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Many accounts of human communication suggest that we are limited to communicating through words, visual images, the mass media and by digital means. This perspective underestimates the multisensory qualities of much of our human interconnecting and the multiple sounds, touches, sights and material objects which humans use so creatively to interconnect both nearby and across space and time. Ruth Finnegan brings together research from linguistic and sensory anthropology, alternative approaches to 'material culture' and 'the body', non-verbal communication, cultural studies, computer-mediated communication, and illuminating work on animal communication. Examples from both western and non-western cultures together with plentiful illustrations enrich and deepen the analysis. The book uncovers the amazing array of sounds, sights, smells, gestures, looks, movements, touches and material objects which humans use so creatively to interconnect both nearby and across space and time - resources consistently underestimated in those western ideologies that prioritise 'rationality' and referential language. Focussing on embodied and material processes, and on practice rather than text, this comparative analysis challenges the underlying cognitive and word-centred model common to many approaches to communication. The second edition of Communicating includes a new introduction, updates to take account of recent work, an additional chapter covering ethereal non-verbal non-bodily communicating such as telepathy and dreams, fresh illustrations, a new conclusion and updated bibliography. This authoritative but accessible book is an essential transdisciplinary overview for researchers and advanced students in language and communication, anthropology and cultural studies.

Modern Languages

Author: Alison Phipps
Publisher: SAGE
ISBN: 9780761974185
Size: 37.44 MB
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This accessible book is written by teachers of modern languages and tackles the specifics of the discipline while situating it within the literature on teaching Modern Languages in Higher Education.

The Oxford Handbook Of Culture And Psychology

Author: Jaan Valsiner
Publisher: Oxford University Press
ISBN: 0199366225
Size: 42.70 MB
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The goal of cultural psychology is to explain the ways in which human cultural constructions -- for example, rituals, stereotypes, and meanings -- organize and direct human acting, feeling, and thinking in different social contexts. A rapidly growing, international field of scholarship, cultural psychology is ready for an interdisciplinary, primary resource. Linking psychology, anthropology, sociology, archaeology, and history, The Oxford Handbook of Culture and Psychology is the quintessential volume that unites the variable perspectives from these disciplines. Comprised of over fifty contributed chapters, this book provides a necessary, comprehensive overview of contemporary cultural psychology. Bridging psychological, sociological, and anthropological perspectives, one will find in this handbook: - A concise history of psychology that includes valuable resources for innovation in psychology in general and cultural psychology in particular - Interdisciplinary chapters including insights into cultural anthropology, cross-cultural psychology, culture and conceptions of the self, and semiotics and cultural connections - Close, conceptual links with contemporary biological sciences, especially developmental biology, and with other social sciences - A section detailing potential methodological innovations for cultural psychology By comparing cultures and the (often differing) human psychological functions occuring within them, The Oxford Handbook of Culture and Psychology is the ideal resource for making sense of complex and varied human phenomena.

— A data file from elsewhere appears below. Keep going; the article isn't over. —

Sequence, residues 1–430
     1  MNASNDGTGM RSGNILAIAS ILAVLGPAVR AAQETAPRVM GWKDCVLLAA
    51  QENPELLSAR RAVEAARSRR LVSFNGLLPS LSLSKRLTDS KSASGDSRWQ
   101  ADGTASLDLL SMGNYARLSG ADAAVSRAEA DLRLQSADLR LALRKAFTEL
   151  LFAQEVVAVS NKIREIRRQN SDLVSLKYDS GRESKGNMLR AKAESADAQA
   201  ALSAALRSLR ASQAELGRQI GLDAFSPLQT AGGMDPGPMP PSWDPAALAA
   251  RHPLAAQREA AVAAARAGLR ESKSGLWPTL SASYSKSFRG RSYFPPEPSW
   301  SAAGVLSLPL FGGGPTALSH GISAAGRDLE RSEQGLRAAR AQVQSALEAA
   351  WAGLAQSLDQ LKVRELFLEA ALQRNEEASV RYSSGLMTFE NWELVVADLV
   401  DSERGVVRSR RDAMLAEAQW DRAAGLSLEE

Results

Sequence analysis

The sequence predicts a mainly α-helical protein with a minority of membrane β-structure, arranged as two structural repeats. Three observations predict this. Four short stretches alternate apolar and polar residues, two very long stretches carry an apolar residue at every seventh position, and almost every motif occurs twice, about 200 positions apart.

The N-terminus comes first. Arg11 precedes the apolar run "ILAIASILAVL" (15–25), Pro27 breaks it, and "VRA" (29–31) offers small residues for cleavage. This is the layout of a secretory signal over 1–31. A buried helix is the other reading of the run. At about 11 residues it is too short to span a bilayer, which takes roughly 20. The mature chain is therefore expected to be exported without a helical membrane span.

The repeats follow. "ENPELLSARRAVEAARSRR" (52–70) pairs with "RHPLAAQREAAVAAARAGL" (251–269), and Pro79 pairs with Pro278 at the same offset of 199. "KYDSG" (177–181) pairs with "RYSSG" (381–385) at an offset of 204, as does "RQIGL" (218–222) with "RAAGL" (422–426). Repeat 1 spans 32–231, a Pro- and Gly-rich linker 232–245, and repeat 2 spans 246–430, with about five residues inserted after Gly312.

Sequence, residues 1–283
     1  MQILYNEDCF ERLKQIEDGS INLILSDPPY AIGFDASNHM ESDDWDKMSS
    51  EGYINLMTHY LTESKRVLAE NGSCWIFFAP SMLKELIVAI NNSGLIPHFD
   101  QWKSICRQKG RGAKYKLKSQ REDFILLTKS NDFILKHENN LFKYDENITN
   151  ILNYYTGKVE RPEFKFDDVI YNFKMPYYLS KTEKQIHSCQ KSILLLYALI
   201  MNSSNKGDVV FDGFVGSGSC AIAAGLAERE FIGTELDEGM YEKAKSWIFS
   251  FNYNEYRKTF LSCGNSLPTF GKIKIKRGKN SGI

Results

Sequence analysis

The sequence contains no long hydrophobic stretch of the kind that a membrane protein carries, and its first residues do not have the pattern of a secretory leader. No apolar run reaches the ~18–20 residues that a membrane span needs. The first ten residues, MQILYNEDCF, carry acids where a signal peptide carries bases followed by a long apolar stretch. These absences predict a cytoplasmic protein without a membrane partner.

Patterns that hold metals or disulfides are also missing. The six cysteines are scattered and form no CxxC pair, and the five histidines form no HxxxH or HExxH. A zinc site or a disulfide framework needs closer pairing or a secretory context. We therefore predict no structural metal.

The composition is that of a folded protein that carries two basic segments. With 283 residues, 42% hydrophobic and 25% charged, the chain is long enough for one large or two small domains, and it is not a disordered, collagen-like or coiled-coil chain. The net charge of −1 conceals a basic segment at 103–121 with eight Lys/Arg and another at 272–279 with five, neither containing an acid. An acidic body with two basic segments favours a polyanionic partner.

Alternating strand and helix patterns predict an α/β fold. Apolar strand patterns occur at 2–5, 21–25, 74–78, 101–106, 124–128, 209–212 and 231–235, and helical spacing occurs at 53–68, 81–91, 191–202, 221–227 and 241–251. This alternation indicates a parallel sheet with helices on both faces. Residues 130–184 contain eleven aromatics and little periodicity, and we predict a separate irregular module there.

Shaky Ground

Author: Elizabeth Marlowe
Publisher: A&C Black
ISBN: 1472502094
Size: 77.51 MB
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The recent crisis in the world of antiquities collecting has prompted scholars and the general public to pay more attention than ever before to the archaeological findspots and collecting histories of ancient artworks. This new scrutiny is applied to works currently on the market as well as to those acquired since (and despite) the 1970 UNESCO Convention, which aimed to prevent the trafficking in cultural property. When it comes to famous works that have been in major museums for many generations, however, the matter of their origins is rarely considered. Canonical pieces like the Barberini Togatus or the Fonseca bust of a Flavian lady appear in many scholarly studies and virtually every textbook on Roman art. But we have no more certainty about these works' archaeological contexts than we do about those that surface on the market today. This book argues that the current legal and ethical debates over looting, ownership and cultural property have distracted us from the epistemological problems inherent in all (ostensibly) ancient artworks lacking a known findspot, problems that should be of great concern to those who seek to understand the past through its material remains.